She at first had hesitated to provide her daughter with the handwritten letters to her sweetheart overseas. They are not particularly intimate — mostly song lists from the couple’s favorite radio show and updates on her mother’s health.

Eventually, she contributed six letters to be included in the book but is still not entirely comfortable with her image on its cover or its content, “Those letters — they are personal,” she said.

“‘Don Case died by my dad’s side,” said Teresa Irish in a recent email that introduced her work. “My dad would later receive the Silver Star for Gallantry in Action, a medal he received with a heavy heart.”

“I was asked once if I thought he had ‘survivor’s guilt,'” she said. “I said, no, he had survivor’s inspiration.”

Shortly before Bud and Elaine Irish were scheduled to travel to Holland for a soldiers reunion in 1989, he was diagnosed with prostate cancer. He coped by becoming a tireless advocate for men suffering from the disease.

Teresa Irish kept in contact with the Minnesotans throughout her work on the book. In 2008, Teresa Irish located Case’s surviving siblings, Wolf and brother Dick Case, also a Minnesotan.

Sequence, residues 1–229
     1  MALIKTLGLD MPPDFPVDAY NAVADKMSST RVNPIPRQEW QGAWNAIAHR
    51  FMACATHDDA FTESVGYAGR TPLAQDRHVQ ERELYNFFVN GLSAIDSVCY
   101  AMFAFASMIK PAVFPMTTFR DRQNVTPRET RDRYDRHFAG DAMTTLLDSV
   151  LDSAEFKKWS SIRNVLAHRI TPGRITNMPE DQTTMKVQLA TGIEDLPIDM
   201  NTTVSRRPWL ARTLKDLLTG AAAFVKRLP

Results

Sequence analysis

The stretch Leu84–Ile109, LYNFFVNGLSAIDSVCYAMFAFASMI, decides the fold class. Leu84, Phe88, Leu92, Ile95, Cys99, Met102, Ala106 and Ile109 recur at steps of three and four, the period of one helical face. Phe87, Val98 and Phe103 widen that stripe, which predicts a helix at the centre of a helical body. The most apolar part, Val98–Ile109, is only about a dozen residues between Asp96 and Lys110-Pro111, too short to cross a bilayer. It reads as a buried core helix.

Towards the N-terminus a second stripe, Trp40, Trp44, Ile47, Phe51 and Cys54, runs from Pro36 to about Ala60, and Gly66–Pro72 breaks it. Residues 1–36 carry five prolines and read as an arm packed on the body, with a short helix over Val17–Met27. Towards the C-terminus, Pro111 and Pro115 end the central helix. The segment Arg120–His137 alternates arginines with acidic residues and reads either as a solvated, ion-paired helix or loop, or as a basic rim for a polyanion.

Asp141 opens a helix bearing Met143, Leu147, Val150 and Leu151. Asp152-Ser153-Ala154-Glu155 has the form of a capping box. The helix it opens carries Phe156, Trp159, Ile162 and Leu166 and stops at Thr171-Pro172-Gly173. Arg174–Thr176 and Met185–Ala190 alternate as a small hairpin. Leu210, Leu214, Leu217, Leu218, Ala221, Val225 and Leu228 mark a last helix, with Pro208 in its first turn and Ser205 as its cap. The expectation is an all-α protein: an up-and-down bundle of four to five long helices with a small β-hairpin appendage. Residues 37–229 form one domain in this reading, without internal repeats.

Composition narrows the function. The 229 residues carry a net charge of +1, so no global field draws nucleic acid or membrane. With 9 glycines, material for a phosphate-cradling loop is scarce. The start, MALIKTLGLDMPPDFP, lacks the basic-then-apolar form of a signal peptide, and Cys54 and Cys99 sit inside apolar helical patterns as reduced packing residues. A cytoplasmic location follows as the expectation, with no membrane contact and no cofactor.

She introduced herself to Dick Case during an awkward phone call made 62 years after the death of his brother.

“They could not have been more gracious. And in the end, they provided me with photographs, information, and one of the letters my father had written to their mother shortly after Don’s death,” said Teresa Irish.

Case family snapshots, along with several photographs from that old Army trunk, have been reprinted in the book.

“A Thousand Letters” is now available from Amazon and an ebook version should be available in about six months, said Teresa Irish. (The website for the book is www.athousandlettershome.com .) Her husband, Lt. Col. Bradley Foster, helped edit the book.

They met on a plane, when Teresa Irish paused from working on her manuscript to ask a soldier in uniform whether he was traveling out to or coming back from service. Foster answered he was returning to the Middle East, then inquired about what she was writing.

Their conversation continued the rest of the flight. They were married in October.

During the wedding ceremony, they surprised Elaine Irish with a present of the newly released book.

“I like to say my dad gave me my legacy and gave me my future,” Teresa Irish said.